The Second Symposium on Nubian Studies, which was dedicated to archaeological and historical research on Nubia is now available from the Heidelberg University Digital Library.
“A dozen or so Nubian fabrics, the oldest from almost 2,000 years old, will be on temporary exhibition at the Sudanese National Museum in Khartoum. “These types of monuments are very rare and rarely end up in museum exhibitions” – says the curator, Dr. Magdalena Woźniak from the Polish Academy of Sciences.
The exhibition “Forgotten textile treasures in the collection of the Sudan National Museum” will start on Thursday (October 24) and will last until March 2020. The exhibition is organized thanks to the funds of the National Science Center of Poland. As part of the NCN – Polonez grant – some of the fabrics presented at the exhibition have undergone conservation in Poland.
“Graffiti as Devotion” is a new exhibit on ancient and medieval graffiti at El-Kurru, and is currently open at the Kelsey Museum of Archaeology at the University of Michigan in Ann Arbor. The exhibit was co-curated by Geoff Emberling and Suzanne Davis and will run through March 20, 2020.
Since 1969, and in collaboration with the Sudanese Department of Antiquities, the French Section of the Direction of Antiquities of Sudan (SFDAS) has been excavating numerous archaeological sites located in the Middle Nile Valley and maintaining a systematic inventory of them. These sites cover a wide range of time periods that include Prehistory, Kerma, Egyptian, Napatan, Meroitic, post-Meroitic, and medieval civilizations. The wide spectrum of their research is reflected in the SFDAS’ publications.
Nubian Letters was an “independent, biannual bulletin for Nubian history and archaeology, published under the auspices of the International Society for Nubian Studies and the Department for Early Christian Art at the University of Leiden, the Netherlands.”
Edited by Elisabeth de Ranitz and Karel Innemée, Nubian Letters represents 22 volumes that came out between 1983 and 1994. The complete series has been uploaded at medievalsaiproject.wordpress.com:
“The relatively small Nubian literary corpus includes texts of an exclusively religious nature: there are lectionaries (including passages from the Old and New Testaments), patristic texts, conciliar canons, symbols of faith, hagiographic texts and also apocryphal texts.
The old-Nubian apocryphal corpus is represented by four fragmentary texts, preserved in five separate manuscripts dating from a period ranging from approximately the tenth to the twelfth century…”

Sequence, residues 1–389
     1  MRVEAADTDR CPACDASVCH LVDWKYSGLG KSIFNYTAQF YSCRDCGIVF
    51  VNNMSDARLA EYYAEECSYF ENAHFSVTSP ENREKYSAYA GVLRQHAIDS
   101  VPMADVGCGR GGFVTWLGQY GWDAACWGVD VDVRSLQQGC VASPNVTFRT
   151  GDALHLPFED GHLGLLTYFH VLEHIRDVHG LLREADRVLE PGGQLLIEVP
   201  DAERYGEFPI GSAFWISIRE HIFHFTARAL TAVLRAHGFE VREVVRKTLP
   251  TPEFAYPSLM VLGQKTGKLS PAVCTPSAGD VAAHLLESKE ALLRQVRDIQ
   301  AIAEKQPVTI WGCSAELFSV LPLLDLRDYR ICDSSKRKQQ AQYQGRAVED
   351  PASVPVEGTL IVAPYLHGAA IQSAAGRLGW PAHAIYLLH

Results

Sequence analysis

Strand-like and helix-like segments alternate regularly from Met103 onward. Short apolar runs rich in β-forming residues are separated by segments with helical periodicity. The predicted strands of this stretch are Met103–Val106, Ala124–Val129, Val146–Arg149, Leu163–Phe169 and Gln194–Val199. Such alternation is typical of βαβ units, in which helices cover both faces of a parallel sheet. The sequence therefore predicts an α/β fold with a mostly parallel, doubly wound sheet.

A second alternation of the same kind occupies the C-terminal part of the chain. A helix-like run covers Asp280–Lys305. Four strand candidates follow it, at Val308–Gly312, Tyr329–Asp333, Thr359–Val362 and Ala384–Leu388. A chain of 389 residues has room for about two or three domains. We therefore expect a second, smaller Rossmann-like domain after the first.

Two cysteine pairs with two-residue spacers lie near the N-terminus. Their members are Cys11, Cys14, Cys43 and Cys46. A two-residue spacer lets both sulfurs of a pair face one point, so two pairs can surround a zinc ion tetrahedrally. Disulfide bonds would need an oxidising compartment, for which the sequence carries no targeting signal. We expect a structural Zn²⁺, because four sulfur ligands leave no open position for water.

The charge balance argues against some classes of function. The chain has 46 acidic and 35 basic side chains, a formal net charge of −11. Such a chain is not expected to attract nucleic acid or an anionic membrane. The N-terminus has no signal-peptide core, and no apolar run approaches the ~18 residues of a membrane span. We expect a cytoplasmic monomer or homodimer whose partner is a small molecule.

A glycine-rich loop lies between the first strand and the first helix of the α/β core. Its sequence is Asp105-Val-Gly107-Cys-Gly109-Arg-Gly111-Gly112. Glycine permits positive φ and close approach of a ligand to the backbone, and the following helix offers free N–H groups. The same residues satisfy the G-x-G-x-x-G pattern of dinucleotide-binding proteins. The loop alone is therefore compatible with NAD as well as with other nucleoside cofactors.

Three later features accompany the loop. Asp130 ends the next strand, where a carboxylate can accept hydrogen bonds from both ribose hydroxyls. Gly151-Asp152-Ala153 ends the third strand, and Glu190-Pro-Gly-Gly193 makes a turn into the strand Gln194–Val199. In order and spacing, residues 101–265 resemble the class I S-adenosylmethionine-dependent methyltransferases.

The Kelsey Museum of Archaeology (University of Michigan) is currently running “Graffiti as Devotion along the Nile.” This exhibition explores ancient religious graffiti dating to the Meroitic period of the Kushite civilization, and provides an intriguing and fascinating glimpse into the daily lives and private devotional practices of its inhabitants.
Starting this month, the Boston Musem of Fine Arts (MFA) will be presenting its “Ancient Nubia Now” exhibition. This highly anticipated event will not only be showcasing more than 400 masterpieces of Nubian art, but also shedding light on the little known but incredibly rich, highly sophisticated and vibrant civilizations, that arose within what is today Sudan’s Middle Nile Valley.
The Polish Centre of Mediterranean Archaeology (PCMA) is proud to present the 5th volume of its PCMA Excavation Series. Between 2015 and 2016, the PCMA, University of Warsaw, carried out fieldwork and conservation work at the Dongola site. This work was conducted in close collaboration with the Sudanese National Corporation for Antiquities and Museums, under the auspices of two research programs funded by the Qatar-Sudan Archaeological Project. The fieldwork focused on the Great Monastery of St. Anthony (Kom H) and the Citadel of Dongola. The papers in this volume present the findings and results of a diverse group of participants, which included archaeologists, conservators, architects, epigraphists, ceramologists among others, and are an invaluable contribution that furthers our understanding and appreciation of the culturally rich and vibrant kingdom of Makuria.